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Food bank accepting citrus overflow
Trees in Yuma are teeming with citrus and the Yuma Community Food Bank is asking for donations from anybody in the Yuma area who may have excess fruit.
While last year the food bank was able to send out crews to glean orange, grapefruit, lemon and lime trees at the request of homeowners and landowners, this year the group does not have the capacity to do so, said Michael Ivers, YCFB president and CEO.
Instead, he explained, they are encouraging the community to pick their own fruit and bring it in to their facility at 2404 E. 24th St. from 8 a.m. to 4 p.m. Mondays through Fridays and from 9 a.m. to noon Saturdays.
“It's important to get the fruit to people who need it, especially children,” he said. “Don't let it go to waste. Let the community help the community.”
Ivers noted that the need for food assistance in the community continues to grow as YCFB's numbers keep increasing.
He shared a story about a person who was a donor to YCFB before Christmas, but after family members lost their jobs, she is now coming in to receive food herself.
For more information about donating citrus, contact YCFB administrative assistant Cynthia Torres at 259-2200.
She said that Friday the agency was thankful to have received a single citrus donation of 2,256 pounds from a man named Curt Foster, something that will be very beneficial to the community that comes through the facility.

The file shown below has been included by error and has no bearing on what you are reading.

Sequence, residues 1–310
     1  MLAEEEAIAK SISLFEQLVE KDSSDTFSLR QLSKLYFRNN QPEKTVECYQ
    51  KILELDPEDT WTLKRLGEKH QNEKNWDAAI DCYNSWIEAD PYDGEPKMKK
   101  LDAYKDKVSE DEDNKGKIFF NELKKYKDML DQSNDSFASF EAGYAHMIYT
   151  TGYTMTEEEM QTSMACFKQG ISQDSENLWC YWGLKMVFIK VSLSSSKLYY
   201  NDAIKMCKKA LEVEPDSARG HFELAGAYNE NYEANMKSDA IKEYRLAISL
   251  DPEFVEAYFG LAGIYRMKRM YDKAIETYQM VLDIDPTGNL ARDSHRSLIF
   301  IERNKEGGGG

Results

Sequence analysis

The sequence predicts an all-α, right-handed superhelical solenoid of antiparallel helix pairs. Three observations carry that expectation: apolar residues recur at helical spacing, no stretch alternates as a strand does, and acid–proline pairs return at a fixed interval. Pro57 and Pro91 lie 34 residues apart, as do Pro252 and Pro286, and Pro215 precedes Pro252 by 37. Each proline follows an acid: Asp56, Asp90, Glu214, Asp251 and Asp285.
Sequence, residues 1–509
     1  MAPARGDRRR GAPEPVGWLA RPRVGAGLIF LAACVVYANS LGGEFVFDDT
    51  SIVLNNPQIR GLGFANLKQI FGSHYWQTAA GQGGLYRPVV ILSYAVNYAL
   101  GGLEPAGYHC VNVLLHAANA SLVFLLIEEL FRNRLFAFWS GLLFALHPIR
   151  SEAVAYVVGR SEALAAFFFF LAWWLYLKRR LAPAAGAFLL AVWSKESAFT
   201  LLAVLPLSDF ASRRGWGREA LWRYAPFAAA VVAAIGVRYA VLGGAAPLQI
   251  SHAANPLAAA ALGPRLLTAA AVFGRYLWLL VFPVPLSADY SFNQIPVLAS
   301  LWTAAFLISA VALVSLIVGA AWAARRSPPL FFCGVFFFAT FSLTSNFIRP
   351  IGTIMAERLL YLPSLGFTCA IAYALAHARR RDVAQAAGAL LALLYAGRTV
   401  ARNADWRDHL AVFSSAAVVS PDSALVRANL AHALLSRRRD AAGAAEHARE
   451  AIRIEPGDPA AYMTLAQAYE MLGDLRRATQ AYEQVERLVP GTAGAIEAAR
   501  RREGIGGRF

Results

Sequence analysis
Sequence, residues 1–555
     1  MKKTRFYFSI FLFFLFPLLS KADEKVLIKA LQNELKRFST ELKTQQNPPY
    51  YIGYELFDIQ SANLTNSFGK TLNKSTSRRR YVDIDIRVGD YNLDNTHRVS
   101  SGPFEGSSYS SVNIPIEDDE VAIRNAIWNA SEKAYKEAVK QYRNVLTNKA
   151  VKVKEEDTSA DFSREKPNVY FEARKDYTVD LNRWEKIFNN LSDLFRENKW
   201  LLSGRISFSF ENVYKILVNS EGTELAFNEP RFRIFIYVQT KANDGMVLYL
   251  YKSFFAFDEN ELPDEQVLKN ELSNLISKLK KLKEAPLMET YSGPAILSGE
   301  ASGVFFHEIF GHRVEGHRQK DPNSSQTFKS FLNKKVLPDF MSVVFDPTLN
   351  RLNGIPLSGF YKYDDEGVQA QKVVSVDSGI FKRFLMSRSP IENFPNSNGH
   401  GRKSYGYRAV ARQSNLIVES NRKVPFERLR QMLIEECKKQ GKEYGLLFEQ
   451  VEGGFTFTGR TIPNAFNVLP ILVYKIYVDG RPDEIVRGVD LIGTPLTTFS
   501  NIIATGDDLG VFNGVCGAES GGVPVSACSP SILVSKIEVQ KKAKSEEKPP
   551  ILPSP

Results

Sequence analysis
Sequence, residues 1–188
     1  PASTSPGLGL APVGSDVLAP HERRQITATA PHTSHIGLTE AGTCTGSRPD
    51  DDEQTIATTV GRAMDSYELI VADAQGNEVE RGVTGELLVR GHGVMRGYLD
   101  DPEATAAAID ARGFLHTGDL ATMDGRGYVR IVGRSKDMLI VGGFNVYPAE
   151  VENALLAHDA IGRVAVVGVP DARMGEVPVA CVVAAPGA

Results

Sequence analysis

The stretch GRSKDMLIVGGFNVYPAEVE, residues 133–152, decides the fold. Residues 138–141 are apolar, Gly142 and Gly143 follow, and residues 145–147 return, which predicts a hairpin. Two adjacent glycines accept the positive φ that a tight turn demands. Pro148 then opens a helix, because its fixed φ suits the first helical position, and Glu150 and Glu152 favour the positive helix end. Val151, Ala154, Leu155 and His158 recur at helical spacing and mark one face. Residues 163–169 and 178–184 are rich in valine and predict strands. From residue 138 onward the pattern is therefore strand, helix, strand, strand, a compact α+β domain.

“We're still expecting more to come in,” she said.
Ivers added, “We're really impressed with the generosity of the people of Yuma. We're really grateful but we just need more. We don't want any citrus to go to waste.”
He said people should drop off donations at the back of the facility so that the produce can be weighed. Ivers also asked that people remove the leaves and stems from the fruit to save employees the job of removing it as they are required to do before they distribute the fruit.
For the second consecutive year, Arizona is under a USDA quarantine due to Sweet Orange Scab.
“The quarantine prohibits food banks from sharing citrus donations with out-of-state food banks in exchange for other produce items, as has been standard practice,” stated an Association of Arizona Food Banks news release.
“In response, some food banks have implemented plans to juice a portion of the citrus donations they receive. It's important to note that affected citrus is perfectly good to eat and juice, since Sweet Orange Scab only affects how the citrus looks, not how it tastes or its nutritional value.
“Another result of Sweet Orange Scab is that most food banks are now unable to come to your property to glean your citrus as has been done in the past. Individuals should contact their local food bank to inquire about that food bank's specific gleaning policies and for more information about dropping-off their citrus donations.”
Visit www.citrusresearch.org/sweet-orange-scab for more information about the quarantine.
Sarah Womer can be reached at firstname.lastname@example.org or 539-6858. Find her on Facebook at Facebook.com/YSSarahWomer or on Twitter at @YSSarahWomer.